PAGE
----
refer to the facility identification code used in the standard ARM data file naming convention. For example, data produced during the AIRS IOP
by the MW-11 serial number 574791 (normally assigned to SGP/B4) are named sgpsondewnpnS01.b1.YYYYMMDD.HHMMSS.cdf.

                                               Table 1.      ARM-owned Vaisala radiosonde ground stations (retired).

                                                                                            Common name

                                  digiCORA-I                                        digiCORA-II                                         digiCORA-III

 Model           MW-11     MW-11        MW-11      MW-11        MW-15     MW-15         MW-15       MW-15        MW-21         MW-21       MW-21       MW-31     MW-31

 S/N             530483    574791       574792     708515       T32102    S35304        S17401      R41204       W09201        W03202      Z15101      B31401    B31402

 Base location   SGP/B1    SGP/B4       SGP/B5     SGP/B6       AMF/M1    SGP/spare     SGP/spare   SGP/spare    SGP/C1        NSA/C1      AMF/M1      TWP/C1    TWP/C2

 Current         SGP/IOP   SGP/spare    SGP/IOP    SGP/spare    SGP/C1    SGP/C1        SGP/C1      NSA/C1/GW)   SGP/C1        NSA/C1      AMF/M1      TWP/C1    TWP/C2
 location

 Loran           YES       YES          YES        YES          YES       YES           YES         YES          YES           YES         YES         NO        NO
 equipped

 GPS equipped    YES       YES          YES        YES          YES       YES           YES         YES          YES           YES         YES         YES       YES

 RS08-H          YES       YES          YES        YES          YES       YES           YES         YES          YES           YES         YES         YES       YES
 compatible

 RS90            YES       YES          YES        YES          YES       YES           YES         YES          YES           YES         YES         YES       YES
 compatible

 RS92            YES       YES          YES        YES          YES       YES           YES         YES          YES           YES         YES         YES       YES
 compatible

 Software        8.35      8.35         8.35       8.35         8.35      8.35          8.35        8.34         3.61.1        3.61.1      3.61.1      3.61.1    3.61.1
 version

 Operational     Retired   Retired      Retired    Retired      Retired   Retired       Retired     Retired      Replaced w/   Replaced    Replaced    Spare –   Spare –
 status                                                                                                          M36105*       w/          w/          In use*   In use*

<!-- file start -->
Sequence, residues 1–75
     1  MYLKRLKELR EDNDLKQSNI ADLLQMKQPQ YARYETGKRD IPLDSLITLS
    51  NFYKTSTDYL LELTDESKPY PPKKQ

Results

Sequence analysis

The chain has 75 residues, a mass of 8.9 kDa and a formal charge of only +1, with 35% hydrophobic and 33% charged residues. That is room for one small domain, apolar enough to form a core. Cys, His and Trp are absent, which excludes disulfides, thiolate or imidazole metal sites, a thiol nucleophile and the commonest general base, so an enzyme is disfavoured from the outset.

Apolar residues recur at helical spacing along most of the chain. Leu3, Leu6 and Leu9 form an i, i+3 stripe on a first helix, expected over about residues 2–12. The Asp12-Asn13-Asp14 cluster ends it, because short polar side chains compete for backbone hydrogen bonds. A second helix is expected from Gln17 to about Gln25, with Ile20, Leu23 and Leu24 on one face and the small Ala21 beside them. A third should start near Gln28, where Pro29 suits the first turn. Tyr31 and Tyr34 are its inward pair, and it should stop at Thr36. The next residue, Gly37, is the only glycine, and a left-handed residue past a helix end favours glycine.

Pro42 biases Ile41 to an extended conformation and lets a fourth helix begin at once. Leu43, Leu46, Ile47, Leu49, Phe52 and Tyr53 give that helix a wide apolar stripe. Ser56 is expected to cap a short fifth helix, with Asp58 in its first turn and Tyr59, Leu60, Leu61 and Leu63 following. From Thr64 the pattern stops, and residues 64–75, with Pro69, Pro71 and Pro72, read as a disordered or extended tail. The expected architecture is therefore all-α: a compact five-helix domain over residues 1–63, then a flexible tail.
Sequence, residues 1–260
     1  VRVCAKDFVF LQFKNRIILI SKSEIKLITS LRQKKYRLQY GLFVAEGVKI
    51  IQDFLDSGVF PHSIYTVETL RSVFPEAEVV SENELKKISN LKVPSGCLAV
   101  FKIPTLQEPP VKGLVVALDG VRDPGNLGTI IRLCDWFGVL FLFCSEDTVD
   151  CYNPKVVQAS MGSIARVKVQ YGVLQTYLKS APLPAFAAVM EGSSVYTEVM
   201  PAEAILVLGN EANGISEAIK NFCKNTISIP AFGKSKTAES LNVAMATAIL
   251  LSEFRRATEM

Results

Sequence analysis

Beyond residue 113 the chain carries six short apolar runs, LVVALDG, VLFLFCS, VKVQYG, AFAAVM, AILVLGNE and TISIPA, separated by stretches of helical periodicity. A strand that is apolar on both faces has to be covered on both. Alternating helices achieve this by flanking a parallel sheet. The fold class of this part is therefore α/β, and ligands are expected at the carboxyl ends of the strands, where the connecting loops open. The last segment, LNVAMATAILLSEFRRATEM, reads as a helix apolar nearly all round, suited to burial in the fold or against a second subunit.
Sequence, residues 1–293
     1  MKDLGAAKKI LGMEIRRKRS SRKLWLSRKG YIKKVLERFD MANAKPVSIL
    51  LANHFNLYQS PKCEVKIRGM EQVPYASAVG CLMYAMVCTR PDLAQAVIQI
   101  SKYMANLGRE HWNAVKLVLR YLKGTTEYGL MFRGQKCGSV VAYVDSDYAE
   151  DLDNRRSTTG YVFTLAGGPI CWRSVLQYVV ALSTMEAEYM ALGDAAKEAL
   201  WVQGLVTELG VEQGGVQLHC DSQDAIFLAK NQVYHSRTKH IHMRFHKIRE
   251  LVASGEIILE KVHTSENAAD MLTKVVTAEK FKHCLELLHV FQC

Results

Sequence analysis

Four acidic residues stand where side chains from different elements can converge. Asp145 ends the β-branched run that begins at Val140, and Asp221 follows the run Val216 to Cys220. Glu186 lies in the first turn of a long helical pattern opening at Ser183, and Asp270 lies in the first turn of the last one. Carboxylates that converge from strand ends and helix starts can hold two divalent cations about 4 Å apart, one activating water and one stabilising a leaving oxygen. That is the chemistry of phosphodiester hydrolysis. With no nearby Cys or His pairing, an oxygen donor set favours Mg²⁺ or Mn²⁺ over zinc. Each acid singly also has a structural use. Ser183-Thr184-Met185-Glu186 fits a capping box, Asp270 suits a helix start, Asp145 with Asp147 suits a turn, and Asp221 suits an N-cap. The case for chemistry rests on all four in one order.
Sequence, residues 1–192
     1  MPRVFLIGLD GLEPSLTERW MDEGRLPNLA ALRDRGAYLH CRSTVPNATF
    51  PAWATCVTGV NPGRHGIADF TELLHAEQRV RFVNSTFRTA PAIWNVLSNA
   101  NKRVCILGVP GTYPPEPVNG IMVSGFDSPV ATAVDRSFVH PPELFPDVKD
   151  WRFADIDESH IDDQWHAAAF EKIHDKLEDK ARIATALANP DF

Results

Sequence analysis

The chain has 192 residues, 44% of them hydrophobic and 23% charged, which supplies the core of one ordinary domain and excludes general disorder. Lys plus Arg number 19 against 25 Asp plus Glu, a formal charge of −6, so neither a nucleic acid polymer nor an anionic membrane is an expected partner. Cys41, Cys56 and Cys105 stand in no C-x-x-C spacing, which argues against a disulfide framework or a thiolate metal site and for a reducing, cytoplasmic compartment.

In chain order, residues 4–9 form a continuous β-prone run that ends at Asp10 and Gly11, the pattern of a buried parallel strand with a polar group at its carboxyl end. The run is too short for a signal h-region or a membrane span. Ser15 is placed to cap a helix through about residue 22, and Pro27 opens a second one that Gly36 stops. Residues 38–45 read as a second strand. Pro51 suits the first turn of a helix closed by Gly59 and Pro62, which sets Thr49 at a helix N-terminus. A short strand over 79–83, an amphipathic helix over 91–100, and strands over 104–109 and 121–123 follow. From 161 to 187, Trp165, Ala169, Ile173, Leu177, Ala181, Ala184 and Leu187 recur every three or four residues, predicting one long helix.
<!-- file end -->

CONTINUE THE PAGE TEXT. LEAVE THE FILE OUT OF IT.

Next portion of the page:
M36104*     M36103*

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                                                                  Field campaign deployment

 AIRS (I-V)              SGP/S01             SGP/S02              TWP/C2                                NSA/C1

 AWEX-G        SGP/S03   SGP/S01   SGP/S04   SGP/S02                                          SGP/S05                  SGP/C1
 (SGP)

 AWWVIOP                                                                                                NSA/C1 (D 3)
 (NSA)

 BLCE (NSA)                                                                                             NSA/C1 (GW)

 MPACE                             NSA/S02                                                    NSA/C2    NSA/C1 (D)
 (NSA)

 MASRAD -                                                                                                                       PYE/M1
 Point Reyes

 RADAGAST-                                                                                                                      NIM/M1
 Niamey

 COPS-Black                                                                                                                     FKB/M1
 Forest

 CLASIC        SGP/B4    SGP/B1    SGP/B5    SGP/S06
 (SGP)

 AIRS/IASI                         SGP/S01   SGP/S02                                          NSA/S01   NSA/C1

 HFE - China                                                                                                                    HFE/M1

 CAP-MBL                                                                                                GRW/M1